It would be wonderful if you could just say to children "people might look different and come from different places, but we're all equal and should be treated the same" and leave it at that. But if recent news has taught us anything, it's that reality is not so simple, and we need to face the topics of race and racism head on.
Why the Race Conversation Is So Important
Kids notice. Kids notice from an early age that other kids are similar to or different than them — in every single way they can possibly be similar or dissimilar — because that's part of how they figure out where they fit in the world. Racial identification plays a large part in our self-esteem, how others treat us, and how we function in society.
A couple of years ago, when she was about five, my daughter said to me, "There is only one black person teaching at our school." I replied, "Is that so?" (my default response when I don't know how to respond and am waiting for context). She said yeah, it's interesting, but then left it at that, as if it were just an observation, like one house on our block having a grey roof while the others are all green. (I missed a really good teaching moment there.) More recently she's been complaining: "People keep asking me 'Are you Chinese?' Why are they all asking me if I'm Chinese?!!" in a frustrated and judgemental tone, and it became clearer that it's time for more conversations on racial stereotypes, racial identity and the politics of race.
I've been thinking about this for a while but haven't known where to start. Like many other parents, I've been afraid of saying the wrong thing or emphasising race too much, and as enlightened and superiorly unbiased as I am (please read than in a joking voice, if you will), I know that we've all got prejudices we're not aware of and can unknowingly pass on to our children.
If you're raising a child of another race or culture often discriminated against, you'll need to have "The Talk". As Janice Fuller-Roberts Dame says on Salon, it's a very delicate balance:
We have to teach our children that not only do they have to follow the general rules of society, but they also have to abide by a special set of rules set up specifically for them because of their race. And we have to walk a thin line between teaching them how NOT to be killed by the people bound by law to protect them, and at the same time how to maintain their dignity and command the respect they deserve.
Parents of white children should talk about racism too if they aim to raise kids who aren't racially biased and who can function in our interracial society. Silence on the matter doesn't prevent racism, it actually helps perpetuate prevalent prejudices, the New York Times reveals:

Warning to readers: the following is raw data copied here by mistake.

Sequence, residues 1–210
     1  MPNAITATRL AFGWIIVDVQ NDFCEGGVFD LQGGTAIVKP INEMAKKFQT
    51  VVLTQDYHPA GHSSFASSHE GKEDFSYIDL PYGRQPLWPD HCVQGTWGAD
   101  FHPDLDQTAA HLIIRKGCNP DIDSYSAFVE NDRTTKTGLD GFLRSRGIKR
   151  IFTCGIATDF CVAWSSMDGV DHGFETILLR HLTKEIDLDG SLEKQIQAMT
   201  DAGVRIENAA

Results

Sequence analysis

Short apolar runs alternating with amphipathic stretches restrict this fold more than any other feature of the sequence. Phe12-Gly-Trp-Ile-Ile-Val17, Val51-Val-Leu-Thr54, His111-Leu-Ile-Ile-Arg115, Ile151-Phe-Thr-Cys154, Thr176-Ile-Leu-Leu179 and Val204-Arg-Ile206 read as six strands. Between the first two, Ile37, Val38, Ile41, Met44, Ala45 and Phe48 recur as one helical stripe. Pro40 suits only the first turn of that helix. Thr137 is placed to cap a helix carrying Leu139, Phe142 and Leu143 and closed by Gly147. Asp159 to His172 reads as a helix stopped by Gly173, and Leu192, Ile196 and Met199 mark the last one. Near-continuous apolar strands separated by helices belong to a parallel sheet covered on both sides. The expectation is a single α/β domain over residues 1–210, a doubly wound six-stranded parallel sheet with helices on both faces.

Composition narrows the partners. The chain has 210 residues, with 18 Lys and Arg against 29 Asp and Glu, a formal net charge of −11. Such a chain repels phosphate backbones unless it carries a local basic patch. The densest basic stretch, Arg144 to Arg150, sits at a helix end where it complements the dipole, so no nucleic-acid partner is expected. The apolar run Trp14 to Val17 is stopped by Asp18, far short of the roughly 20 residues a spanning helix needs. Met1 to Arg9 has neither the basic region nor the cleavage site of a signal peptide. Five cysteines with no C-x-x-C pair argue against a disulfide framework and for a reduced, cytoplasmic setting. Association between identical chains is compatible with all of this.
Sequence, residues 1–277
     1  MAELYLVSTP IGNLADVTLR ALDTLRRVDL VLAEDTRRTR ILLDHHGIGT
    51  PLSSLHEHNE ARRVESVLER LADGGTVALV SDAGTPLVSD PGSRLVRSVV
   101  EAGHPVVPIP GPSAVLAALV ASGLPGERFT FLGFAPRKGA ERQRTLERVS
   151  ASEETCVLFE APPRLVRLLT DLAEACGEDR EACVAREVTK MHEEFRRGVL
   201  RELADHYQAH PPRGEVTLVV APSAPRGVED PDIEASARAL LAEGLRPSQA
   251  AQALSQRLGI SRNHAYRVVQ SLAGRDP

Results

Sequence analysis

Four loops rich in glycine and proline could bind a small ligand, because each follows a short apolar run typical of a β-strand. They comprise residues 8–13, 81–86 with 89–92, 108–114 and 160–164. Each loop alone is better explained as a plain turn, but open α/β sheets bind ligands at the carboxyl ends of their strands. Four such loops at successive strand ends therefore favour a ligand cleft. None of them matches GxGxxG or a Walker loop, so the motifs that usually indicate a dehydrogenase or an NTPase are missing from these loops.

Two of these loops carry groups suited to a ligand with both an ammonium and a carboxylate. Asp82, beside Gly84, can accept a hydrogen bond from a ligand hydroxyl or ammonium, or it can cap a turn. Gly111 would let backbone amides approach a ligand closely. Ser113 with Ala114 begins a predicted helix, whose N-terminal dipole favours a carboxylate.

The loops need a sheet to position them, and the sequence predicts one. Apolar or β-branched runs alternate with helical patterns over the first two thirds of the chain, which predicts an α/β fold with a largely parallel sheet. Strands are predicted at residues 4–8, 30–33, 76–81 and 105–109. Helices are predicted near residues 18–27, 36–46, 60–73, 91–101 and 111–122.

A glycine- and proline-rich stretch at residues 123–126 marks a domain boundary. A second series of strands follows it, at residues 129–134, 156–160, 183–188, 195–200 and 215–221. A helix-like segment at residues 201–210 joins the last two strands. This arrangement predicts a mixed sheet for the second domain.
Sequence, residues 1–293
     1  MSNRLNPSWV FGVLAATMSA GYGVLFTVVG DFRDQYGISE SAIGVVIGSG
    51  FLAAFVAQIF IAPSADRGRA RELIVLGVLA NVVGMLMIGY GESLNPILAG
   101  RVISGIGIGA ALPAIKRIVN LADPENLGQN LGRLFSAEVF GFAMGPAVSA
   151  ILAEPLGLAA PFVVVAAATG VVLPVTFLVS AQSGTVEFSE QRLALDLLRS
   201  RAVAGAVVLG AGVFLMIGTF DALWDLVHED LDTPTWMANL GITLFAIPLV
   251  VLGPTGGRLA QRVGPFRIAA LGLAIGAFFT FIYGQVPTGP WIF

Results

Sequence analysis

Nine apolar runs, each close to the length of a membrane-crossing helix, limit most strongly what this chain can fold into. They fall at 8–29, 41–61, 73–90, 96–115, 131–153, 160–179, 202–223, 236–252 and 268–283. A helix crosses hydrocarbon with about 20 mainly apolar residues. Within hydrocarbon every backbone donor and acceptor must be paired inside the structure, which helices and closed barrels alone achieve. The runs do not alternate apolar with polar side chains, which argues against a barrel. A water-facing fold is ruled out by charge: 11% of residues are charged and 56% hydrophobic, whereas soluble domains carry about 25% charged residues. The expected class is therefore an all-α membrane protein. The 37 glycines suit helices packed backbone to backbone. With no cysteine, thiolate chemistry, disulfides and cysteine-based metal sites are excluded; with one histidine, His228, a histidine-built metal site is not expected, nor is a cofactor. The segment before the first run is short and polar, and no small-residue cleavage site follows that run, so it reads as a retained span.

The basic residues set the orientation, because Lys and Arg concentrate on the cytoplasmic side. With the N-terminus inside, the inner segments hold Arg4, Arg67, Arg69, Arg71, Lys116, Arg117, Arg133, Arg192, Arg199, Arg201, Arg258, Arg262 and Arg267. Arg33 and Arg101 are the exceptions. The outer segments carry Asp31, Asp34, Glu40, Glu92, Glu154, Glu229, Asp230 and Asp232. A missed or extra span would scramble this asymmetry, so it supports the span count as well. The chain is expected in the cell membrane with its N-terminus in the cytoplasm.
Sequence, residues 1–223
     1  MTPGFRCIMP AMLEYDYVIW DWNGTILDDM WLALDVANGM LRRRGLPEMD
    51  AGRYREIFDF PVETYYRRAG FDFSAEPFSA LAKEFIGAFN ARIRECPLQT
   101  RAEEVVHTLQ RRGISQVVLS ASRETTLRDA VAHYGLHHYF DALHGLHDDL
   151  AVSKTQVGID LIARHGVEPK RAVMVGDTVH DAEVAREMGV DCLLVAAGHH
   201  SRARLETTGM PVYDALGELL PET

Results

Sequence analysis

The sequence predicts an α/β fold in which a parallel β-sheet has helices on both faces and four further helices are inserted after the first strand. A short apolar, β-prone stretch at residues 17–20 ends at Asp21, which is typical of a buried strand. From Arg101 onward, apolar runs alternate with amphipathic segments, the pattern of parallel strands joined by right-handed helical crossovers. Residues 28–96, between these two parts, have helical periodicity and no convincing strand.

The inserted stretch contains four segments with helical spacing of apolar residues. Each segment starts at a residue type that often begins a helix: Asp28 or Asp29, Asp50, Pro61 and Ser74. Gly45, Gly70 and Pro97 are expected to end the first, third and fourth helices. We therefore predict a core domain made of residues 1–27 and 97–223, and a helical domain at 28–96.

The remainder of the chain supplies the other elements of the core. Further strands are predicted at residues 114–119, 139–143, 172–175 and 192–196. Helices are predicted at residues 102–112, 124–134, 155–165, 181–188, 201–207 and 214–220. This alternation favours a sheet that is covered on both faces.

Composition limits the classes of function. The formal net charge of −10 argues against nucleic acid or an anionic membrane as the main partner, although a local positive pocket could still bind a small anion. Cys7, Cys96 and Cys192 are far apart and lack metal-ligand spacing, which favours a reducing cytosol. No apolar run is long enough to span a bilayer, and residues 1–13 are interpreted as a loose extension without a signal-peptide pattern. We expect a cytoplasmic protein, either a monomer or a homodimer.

It's the children whose parents do directly address race — and directly means far more than vaguely declaring everyone to be equal — who are less likely to make assumptions about people based on the colour of our skin.
Cultural racism is like smog in the air, says author Beverly Daniel Tatum in her book Why are All the Black Kids Sitting Together in the Cafeteria?. They're the cultural images and messages that "affirm the assumed superiority of Whites and the assumed inferiority of people of colour". Like smog, stereotypical messages aren't always apparent, but we're all breathing it in.
Parents of all backgrounds have the same concerns, I imagine, when trying to address issues like what's happened in Ferguson and other controversial and racially-charged current events. How do you explain that race plays a big part in how everyday events play out when we're all claiming to be colourblind? What should we say if we learn our child has used racial slurs or experienced racial bias? (Kids as young as three to five can show racially-biased behaviours — even when their parents or other adults don't mention or endorse racial beliefs. They pick up on the social cues around them.) How can we raise compassionate and confident children?
So I tapped a few parenting and psychology experts on how to have these kinds of tricky conversations and teach "tolerance" to kids, because the earlier we start the conversation and the more mindful our part in it, the better chance our kids (and future generations) will have of getting closer to that fairness and equality ideal.
When To Talk To Your Kids About Race
Parents sometimes avoid discussing race because they think young children don't even see race or won't understand racism, but the critical period for starting the conversation is the five-year-old to eight-year-old stage, Civilrights.org says:
Between five and eight, children are old enough to begin to think about social issues and young enough to remain flexible in their beliefs. By the fourth grade, children's racial attitudes start to grow more rigid. Our guidance is especially crucial during this impressionable, turbulent time.